Why experts worry that TikTok may exacerbate the mental health crisis among American teens
Jerome Yankee said he used to pull all-nighters when he was in college — not studying or partying, but swiping on TikTok until the sun came up.
“You’ve seen me not make an effort in my own life, rather than just trying to live vicariously by what I see,” said the 23-year-old Yankee. He said he lost sleep, his grades suffered, and he lost touch with his friends and with himself.
In 2021, he deleted the app. He said the positive impact was evident. “It’s great to be able to sleep again starting in the middle of the night,” he said. “It’s great to be able to get up early and be more productive with the sun up.”
In recent months, TikTok has faced increasing pressure from state and federal lawmakers over concerns about its ties to China through its parent company, ByteDance. But some lawmakers and researchers have, too Checked The impact that a short video app might have on younger users.
Republican Representative Mike Gallagher, the incoming chair of the new House Select Committee on China, newly He called TikTok “digital fentanyl” for allegedly having “the detrimental effect of continued social media use, especially on young men and women here in America.” Indiana Attorney General I filed two cases against TikTok last month, including one that alleges the platform lures children to the platform by falsely claiming it is friendly to users between the ages of 13 and 17. and one study From a non-profit group that claimed TikTok could serve potentially harmful content related to suicide and eating disorders to teens within minutes of creating an account.
TikTok is not the only social platform It has been vetted by legislators and mental health experts for its impact on adolescents. Top executives from several companies, including TikTok, have been questioned in Congress on the matter. And this week, Seattle Public Schools File a lawsuit against the social media companies Such as Facebook, Instagram, TikTok, Snapchat and YouTube, where he claims the platforms are “causing a crisis in the mental health of young people”, making it difficult for the school system to “perform its educational mission”.
But psychologist Dr Jan Twenge said TikTok’s algorithm in particular is “very complex” and “very sticky”, which is keeping teens engaged on the platform for longer. TikTok compiled more than a billion global users. These users spent an average of an hour and a half a day on the app in the past year, more than any other social media platform, according to the digital analytics platform. sensor tower.
“A lot of teens describe the experience of using TikTok intending to spend 15 minutes and then spending two hours or more. This is a problem because the more time a teen spends on social media, the more likely they are to experience depression. This is especially true of extreme use,” Twenge said.
This may only exacerbate the long-term rise in mental health issues, fueled in part by technology. Psychologists say that with the growth of smartphones and social media around 2012, the rate of depression among teens has also increased. Between 2004 and 2019 the rate of teen depression nearly doubled, according to the Substance Abuse and Mental Health Services Administration. And for teenage girls, it’s even worse. By 2019, one in four American girls suffered from clinical depression, according to Twenge.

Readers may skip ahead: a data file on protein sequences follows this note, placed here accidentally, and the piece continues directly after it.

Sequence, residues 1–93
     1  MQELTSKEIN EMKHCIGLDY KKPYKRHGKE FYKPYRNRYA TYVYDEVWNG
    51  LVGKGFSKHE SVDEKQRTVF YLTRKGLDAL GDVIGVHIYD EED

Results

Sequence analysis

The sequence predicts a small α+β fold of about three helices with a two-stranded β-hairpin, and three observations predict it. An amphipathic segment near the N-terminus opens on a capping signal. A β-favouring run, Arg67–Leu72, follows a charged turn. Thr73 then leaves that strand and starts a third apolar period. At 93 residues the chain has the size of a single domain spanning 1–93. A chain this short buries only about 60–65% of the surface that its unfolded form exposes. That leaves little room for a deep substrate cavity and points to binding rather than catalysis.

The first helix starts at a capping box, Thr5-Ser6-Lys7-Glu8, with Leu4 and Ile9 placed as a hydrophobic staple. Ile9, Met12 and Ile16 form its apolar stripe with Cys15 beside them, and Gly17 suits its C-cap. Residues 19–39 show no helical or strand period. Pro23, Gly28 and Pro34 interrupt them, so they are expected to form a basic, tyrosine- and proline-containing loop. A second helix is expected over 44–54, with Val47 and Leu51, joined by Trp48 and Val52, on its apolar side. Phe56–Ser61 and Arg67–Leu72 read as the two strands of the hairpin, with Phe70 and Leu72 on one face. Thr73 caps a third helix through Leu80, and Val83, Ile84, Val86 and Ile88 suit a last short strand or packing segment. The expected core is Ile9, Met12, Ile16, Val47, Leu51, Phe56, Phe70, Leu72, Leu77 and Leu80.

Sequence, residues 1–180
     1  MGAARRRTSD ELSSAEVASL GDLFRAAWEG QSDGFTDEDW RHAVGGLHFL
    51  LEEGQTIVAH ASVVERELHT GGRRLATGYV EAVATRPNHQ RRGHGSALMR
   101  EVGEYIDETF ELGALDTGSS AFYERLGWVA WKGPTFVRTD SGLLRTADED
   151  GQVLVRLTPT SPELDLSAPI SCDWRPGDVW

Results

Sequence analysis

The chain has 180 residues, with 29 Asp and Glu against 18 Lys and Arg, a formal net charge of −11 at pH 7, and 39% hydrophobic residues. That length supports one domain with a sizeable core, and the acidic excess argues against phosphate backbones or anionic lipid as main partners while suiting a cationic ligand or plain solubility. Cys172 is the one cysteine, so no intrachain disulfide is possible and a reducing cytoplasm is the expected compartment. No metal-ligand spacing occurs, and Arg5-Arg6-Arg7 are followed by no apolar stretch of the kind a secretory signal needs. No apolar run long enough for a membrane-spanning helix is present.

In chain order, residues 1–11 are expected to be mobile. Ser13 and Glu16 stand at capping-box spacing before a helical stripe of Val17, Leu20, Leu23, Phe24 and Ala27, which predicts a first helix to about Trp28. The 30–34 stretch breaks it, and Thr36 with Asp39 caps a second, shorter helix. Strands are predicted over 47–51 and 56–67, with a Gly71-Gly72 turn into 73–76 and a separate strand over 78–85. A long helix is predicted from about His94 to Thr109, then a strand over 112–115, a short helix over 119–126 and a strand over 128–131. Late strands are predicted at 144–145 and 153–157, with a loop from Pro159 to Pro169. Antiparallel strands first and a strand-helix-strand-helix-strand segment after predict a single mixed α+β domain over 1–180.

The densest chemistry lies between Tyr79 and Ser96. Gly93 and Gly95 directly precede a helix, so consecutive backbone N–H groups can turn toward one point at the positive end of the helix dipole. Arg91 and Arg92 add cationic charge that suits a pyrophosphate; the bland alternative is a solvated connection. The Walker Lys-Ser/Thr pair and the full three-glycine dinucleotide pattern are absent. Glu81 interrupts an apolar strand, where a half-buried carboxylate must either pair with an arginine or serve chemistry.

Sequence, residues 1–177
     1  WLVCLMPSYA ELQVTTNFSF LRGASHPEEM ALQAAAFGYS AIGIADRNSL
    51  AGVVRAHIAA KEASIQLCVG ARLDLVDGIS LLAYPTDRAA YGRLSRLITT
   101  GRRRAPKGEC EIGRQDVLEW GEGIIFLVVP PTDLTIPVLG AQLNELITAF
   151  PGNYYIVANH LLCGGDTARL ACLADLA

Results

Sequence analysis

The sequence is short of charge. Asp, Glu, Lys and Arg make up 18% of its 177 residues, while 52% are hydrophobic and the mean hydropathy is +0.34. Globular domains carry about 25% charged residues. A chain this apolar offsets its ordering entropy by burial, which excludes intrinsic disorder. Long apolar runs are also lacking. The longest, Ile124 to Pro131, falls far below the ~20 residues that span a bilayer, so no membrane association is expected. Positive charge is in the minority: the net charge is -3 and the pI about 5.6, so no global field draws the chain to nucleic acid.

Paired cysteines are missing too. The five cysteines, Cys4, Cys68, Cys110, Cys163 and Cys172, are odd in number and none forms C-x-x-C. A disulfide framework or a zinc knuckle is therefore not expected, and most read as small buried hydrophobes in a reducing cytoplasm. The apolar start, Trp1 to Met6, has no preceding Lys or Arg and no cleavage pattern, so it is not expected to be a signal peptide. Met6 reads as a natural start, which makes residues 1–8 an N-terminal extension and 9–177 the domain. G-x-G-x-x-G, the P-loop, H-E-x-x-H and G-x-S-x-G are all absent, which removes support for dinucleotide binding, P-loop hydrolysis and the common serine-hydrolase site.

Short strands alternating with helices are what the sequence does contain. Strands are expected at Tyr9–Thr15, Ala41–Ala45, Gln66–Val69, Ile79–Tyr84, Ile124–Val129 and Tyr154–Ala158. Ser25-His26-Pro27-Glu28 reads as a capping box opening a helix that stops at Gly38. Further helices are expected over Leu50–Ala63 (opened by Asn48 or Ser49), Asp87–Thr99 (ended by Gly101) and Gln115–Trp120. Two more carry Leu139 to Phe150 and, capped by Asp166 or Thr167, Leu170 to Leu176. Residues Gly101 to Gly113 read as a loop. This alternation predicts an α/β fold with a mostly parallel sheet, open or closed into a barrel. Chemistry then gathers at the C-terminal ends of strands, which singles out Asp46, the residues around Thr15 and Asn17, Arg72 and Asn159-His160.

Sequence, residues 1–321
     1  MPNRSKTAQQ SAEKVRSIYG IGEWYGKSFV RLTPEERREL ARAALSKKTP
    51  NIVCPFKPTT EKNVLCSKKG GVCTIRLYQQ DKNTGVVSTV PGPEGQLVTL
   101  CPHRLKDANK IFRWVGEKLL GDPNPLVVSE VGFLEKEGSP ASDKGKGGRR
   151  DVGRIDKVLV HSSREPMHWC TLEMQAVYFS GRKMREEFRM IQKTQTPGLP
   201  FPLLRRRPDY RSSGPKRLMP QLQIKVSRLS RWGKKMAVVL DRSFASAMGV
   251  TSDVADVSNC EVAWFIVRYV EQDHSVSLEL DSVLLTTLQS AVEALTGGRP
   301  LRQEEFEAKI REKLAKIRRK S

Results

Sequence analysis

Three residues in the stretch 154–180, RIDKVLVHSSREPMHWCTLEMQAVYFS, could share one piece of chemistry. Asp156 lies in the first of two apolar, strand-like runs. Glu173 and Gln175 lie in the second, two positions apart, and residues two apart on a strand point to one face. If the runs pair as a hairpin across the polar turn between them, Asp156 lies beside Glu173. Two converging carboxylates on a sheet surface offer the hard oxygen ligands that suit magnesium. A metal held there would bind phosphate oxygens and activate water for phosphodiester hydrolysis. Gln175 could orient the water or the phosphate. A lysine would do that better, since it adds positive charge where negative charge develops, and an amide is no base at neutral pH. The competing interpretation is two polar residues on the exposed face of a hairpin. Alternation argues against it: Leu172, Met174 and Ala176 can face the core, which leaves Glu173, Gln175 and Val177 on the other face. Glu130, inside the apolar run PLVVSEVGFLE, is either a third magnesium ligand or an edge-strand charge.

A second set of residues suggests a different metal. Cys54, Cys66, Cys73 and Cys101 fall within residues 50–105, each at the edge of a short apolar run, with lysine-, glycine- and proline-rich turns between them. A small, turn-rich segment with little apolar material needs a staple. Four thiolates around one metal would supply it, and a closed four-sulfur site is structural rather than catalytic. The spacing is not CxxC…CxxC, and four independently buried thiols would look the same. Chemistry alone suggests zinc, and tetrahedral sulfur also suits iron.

TikTok said it has tools to help users set limits on how much time they spend on the app each day. TikTok also continues to roll out other programs Warranties to its users, including ways to filter out adult or “potentially problematic” videos and more Parental control.
“One of our most important commitments is to support the safety and well-being of our teens, and we know that work is never finished. We continue to focus on protecting the strong safety of our community while also empowering parents through additional teen account controls through TikTok Family Pairing,” TikTok said in a statement to CNN. “.
The company said between April and June of 2022 that it removed 93.4% of videos of self-harm and suicide from the app before they were ever viewed. But teens say the most outrageous videos keep them engaged. It’s the content programmed for them in the “For You” section of the app.
“It’s very curated for you,” said Angelica Faustino, an 18-year-old sophomore at the University at Buffalo who says she spends 3 to 4 hours a day on TikTok.
“There’s a lot of body validation on TikTok — a lot of people flaunting things about themselves that are probably unattainable. See if you’ve had enough times maybe I should be like this,” Faustino said.
However, despite all the concerns, there are signs that TikTok and other social networks can have a positive impact on younger users as well.
The majority of teens say social media can be a space for connection and creativity, according to Pew Research. Eight out of 10 teens ages 13 to 17 say social media makes them feel more connected to what’s going on in their friends’ lives, and 71% say social media is a place they can get creative, according to Pew.
And some in Gen Z, the generation that grew up on TikTok, have found unique opportunities on the platform.
Hannah Williams spends her time on TikTok running her business, Transparent Paycheck Street. She interviews Americans every day about the salary they make at their jobs, providing pay transparency to her nearly 1 million followers.
“I quit my job in May 2022 to work on my Tik Tok social media page full time because I saw an amazing opportunity to do something with my career,” said the 26-year-old Williams.
She said, “I think it’s interesting that we can try to use social media to really impact the world forever, and I hope that happens.”